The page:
New mexico department of cultural affairs

The New Mexico Department of Cultural Affairs is an executive branch agency of the New Mexico state government. Created in 1978 by the New Mexico Legislature, the department oversees the state museum, monument, arts, library, heritage preservation, and archaeology programs. Some 550 employees, spread throughout the state, are employed by the Department's fourteen divisions. The department's annual budget is approximately $35 million.

The Department of Cultural Affairs is currently directed by Cabinet Secretary Veronica Gonzales, who was nominated by Governor Susana Martinez on December 29, 2010.[1]

Executive Staff:[2]

  • Veronica Gonzales, Cabinet Secretary
  • Therese L. Trujillo, Administrative Services Division Director/ Chief Financial Officer
  • Julian Ortiz, Chief Information Officer (Acting)
  • Loie Fecteau, New Mexico Arts Division Director
  • Charles Walter, Museum of Natural History Director
  • Mark Santiago, Farm & Ranch Heritage Museum Director
  • Jeff Pappas, Historic Preservation Division Director
  • Della Warrior, Indian Culture & Arts Museum Director
  • Marsha Bol, Folk Art Museum Director
  • Chris Orwoll, Space History Museum Director
  • Michael Delello, Museum Resources Division Director (Acting)
  • Gary Romero, National Hispanic Cultural Center Director (Acting)
  • Frances Levine, New Mexico History Museum Director
  • Mary Kershaw, New Mexico Museum of Art Director
  • Devon Skeele, State Librarian
  • Richard Sims, New Mexico Historic Sites Division Director
  • Eric Blinmann, Office of Archaeological Studies Director


The information below is excerpted from the Department's official Web site.[3]

Seeds for the present-day Department of Cultural Affairs were sown during the 1977 Legislative session when the Executive Reorganization Act was passed, establishing the Educational Finance and Cultural Affairs Department (Laws 1977, Chapter 246).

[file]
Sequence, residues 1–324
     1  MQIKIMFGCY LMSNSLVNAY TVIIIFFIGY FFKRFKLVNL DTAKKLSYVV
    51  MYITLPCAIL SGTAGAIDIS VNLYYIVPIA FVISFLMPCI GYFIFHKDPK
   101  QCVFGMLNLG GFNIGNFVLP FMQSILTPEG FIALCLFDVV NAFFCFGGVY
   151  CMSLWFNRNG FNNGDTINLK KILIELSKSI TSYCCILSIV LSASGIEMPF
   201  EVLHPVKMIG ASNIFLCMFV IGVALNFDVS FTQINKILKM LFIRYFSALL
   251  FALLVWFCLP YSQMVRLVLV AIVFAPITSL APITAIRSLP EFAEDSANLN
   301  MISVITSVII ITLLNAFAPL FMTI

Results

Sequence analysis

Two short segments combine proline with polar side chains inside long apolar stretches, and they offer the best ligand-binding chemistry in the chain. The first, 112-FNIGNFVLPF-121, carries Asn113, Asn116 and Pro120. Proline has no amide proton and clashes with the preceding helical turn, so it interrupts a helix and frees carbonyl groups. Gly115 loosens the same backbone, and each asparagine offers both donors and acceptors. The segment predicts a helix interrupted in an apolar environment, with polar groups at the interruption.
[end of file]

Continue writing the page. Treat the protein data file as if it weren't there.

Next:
The purpose of this newly-formed department within the administration of Governor Jerry Apodaca was to bring the State's museums, historic monuments, library, arts and historic preservation programs under one collective umbrella. The legislation combined seven agencies and programs into a single department with a common responsibility for providing cultural and educational services to the citizens of New Mexico.

The structure of the Educational Finance and Cultural Affairs Department consisted of five divisions together with an administratively-attached agency. The five divisions included the Public School Finance Division, formerly a division of the Department of Finance and Administration; the Museum Division, formerly the Museum of New Mexico, an independent agency; the Library Division, formerly the State Library, an independent agency; the Arts Division, formerly an independent agency known as the Arts Commission; and a new creation, the Administrative Services Division.

The historic preservation program, formerly administered by the State Planning Office, was housed in the Administrative Services Division of the department in order to encourage consideration of historic preservation concerns in the planning process for all divisions of the department. Included as subdivisions of the Museum Division were the International Space Hall of Fame in Alamogordo and the Old Lincoln County Courthouse. The department employed approximately 270 people with a budget of some $5.5 million.

In 1979 -- Chapter 205, Laws of 1979 -- the Legislature authorized the merger of the Department of Finance and Administration (DFA) and the Educational Finance and Cultural Affairs Department upon the order of the Governor.

In 1980 the Office of Cultural Affairs (OCA) was created as its own agency, separated from Educational Finance, but administratively attached to the Department of Finance and Administration. The Laws of 1980, Chapter 55, defined the structure of OCA to include --- the Administrative Services Division, Museum (of New Mexico) Division, Natural History Museum Division, Arts Division, State Library Division, and International Space Hall of Fame Division (now the New Mexico Museum of Space History). The OCA was headed by the Cultural Affairs Officer, a position appointed by the governor and created to oversee all OCA divisions and operations. Until the spring of 1981, the officer had the dual responsibilities of serving as the administrator of the entire OCA and being the Museum Division director.

During April 2003, Governor Bill Richardson signed legislation elevating the Office of Cultural Affairs to Cabinet-level status. The name was subsequently changed to the Department of Cultural Affairs.

Divisions, museums, and historic sites

Cultural Centers
Historic Sites[7]


External links

  • New Mexico Department of Cultural Affairs

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